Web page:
Naked City

Off the Desk

Debbie Kitchen spent a year and a half planning the Austin Symphony's New Year's Eve gala, but dismal ticket sales forced the cancellation of the Palmer Auditorium gig, and now she's stuck with 3,000 party hats. Organizers say they had to sell at least 1,500 tickets to break even, and they had only peddled about half that number, at $75 to $250 a pop. So how did ticket holders respond when they learned the event had fizzled out? Kitchen doesn't hedge: "They were relieved!" the symphony VP of special events says with a laugh tinged with its own relief. "They were relieved they were getting a refund and relieved they could just stay home on New Year's." Kitchen attributes the cancellation to a couple of things -- one, the combination of ennui and apprehension about venturing out of the house on Dec. 31 that's forcing cancellations across the country, and two, Mayor Kirk Watson's millennial music celebration on Congress Avenue. "People just did not want to come downtown," she says. "Their greatest fear had to do with traffic and congestion from the A2K party. Our guests were being told to only come in from the west because of street closures, so people were saying, golly, what's the point?" (see story, p.32). Kitchen, meanwhile, is pondering how she'll unload all the party hats, not to mention the 3,000 noisemakers, 200 champagne buckets, and 350 neon tubes. "I wonder if we could sell any of this stuff," she says. Maybe next year...

Since last week's "Off the Desk" account of an ARTS Center Stage plan for future parking demands at the new Community Events Center and Long Performing Arts Center, ARTS officials are now floating a substitute proposal they think will be more palatable. This time, ARTS is offering a $1 million "gift" -- not a loan -- to the city to build structural support onto the planned parking garage, which would enable the construction of two additional parking levels should the demand call for them. In exchange, ARTS would retain naming rights of the garage -- which would most likely be named after the philanthropist who steps forward with a million bucks. ARTS Executive Director Ben Bentzin (whose last name was misspelled in last week's column) says the new proposal was put forward to alleviate fears that the plan would siphon money out of a limited parks development budget. Apparently, though, neighborhood and Friends of the Parks stakeholders are still cool to the idea of a bigger parking garage. Bentzin says he's hoping City Council will weigh in on the proposal at its Jan. 6 meeting...

Fraternity houses are a fact of life in college towns, but what happens when residents believe their neighborhood's quality of life is at risk when the frat boys want to build a new sports court? That's the question Barbara Epstein has been asking for months in the form of letters to City Council members, city planners, and Delta Tau Delta fraternity reps. Last Thursday, she went before the council to plead her case again, to no avail. On Friday, city project manager Jerry Rusthoven called Epstein to tell her that Delta's site plan had secured administrative approval. "What does this say about neighborhood planning?" asks Epstein, who presides over the campus-area NA bounded by Duval, I-35, 32nd, and 26th streets. But Rusthoven says the city was obligated to approve the proposal because the fraternity submitted a by-the-book site plan. Epstein argues that she and other NA reps weren't even aware that the site plan had been in the works for four years -- until the city notified her last May. To try to ameliorate the situation, Delta has agreed to place a curfew on itself for nighttime sports activities, says Rusthoven. Don't expect the NA to let the matter rest, however.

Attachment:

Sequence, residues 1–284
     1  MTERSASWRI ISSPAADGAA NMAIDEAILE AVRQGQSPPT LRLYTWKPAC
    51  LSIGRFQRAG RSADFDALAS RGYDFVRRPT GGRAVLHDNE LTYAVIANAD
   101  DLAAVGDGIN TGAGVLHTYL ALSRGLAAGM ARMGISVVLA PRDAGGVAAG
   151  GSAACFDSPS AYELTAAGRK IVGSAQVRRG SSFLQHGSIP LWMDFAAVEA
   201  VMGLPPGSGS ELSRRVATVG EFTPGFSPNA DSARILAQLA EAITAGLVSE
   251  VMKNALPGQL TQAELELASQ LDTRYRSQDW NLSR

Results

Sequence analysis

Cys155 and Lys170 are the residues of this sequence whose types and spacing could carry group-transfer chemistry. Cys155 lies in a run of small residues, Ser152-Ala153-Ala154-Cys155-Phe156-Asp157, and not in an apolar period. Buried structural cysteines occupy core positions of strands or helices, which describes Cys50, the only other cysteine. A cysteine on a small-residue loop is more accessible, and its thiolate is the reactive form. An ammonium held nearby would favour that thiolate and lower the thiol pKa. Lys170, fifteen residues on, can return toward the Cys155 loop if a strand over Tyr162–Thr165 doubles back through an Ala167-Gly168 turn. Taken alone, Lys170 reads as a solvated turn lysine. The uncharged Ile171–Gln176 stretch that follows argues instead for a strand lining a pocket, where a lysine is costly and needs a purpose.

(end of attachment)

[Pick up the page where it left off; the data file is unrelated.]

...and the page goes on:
• More of the Story

  • Naked City

    Northwest Austin neighbors of Hyde Baptist Church's Quarries property map out a plan for fighting massive development in their neighborhood.

    Naked City

    The Planning Commission votes to recommend a renegotiation of a zoning overlay around the Hyde Park Baptist Church, which wants to build a five-story parking garage in the neighborhood, and a temporary halt on major construction in areas that have neighborhood plans in development. The measures go to council on Thursday.
  • Naked City

    Tarrytown residents wonder whether the city will ever finish construction on water mains and sewers in their neighborhood; the city says it's just doing what it has to do.

    Naked City

    Beverly Sheffield, the longtime director of the Parks and Recreation Dept. and a local visionary and civic leader, has died.

    Naked City

    Action Items

A note to readers: Bold and uncensored, The Austin Chronicle has been Austin’s independent news source for almost 40 years, expressing the community’s political and environmental concerns and supporting its active cultural scene. Now more than ever, we need your support to continue supplying Austin with independent, free press. If real news is important to you, please consider making a donation of $5, $10 or whatever you can afford, to help keep our journalism on stands.

Support the Chronicle  

More by Amy Smith
Well-Behaved? Let's Assume Not.
Jacqueline Bouvier Kennedy Onassis: The Untold Story
Barbara Leaming's new biography makes the case that Jackie O suffered from PTSD

Nov. 28, 2014

Section 8 Reopens
Section 8 Reopens
Hurry up ... and wait!

Oct. 3, 2014


debbie kitchen, austin symphony, a2k, kirk watson, arts center stage, palmer auditorium, parking garage, eastwoods neighborhood association, delta tau delta.

One click gets you all the newsletters listed below

Breaking news, arts coverage, and daily events

Can't keep up with happenings around town? We can help.

Austin's queerest news and events

New recipes and food news delivered Mondays

All questions answered (satisfaction not guaranteed)

Information is power. Support the free press, so we can support Austin.   Support the Chronicle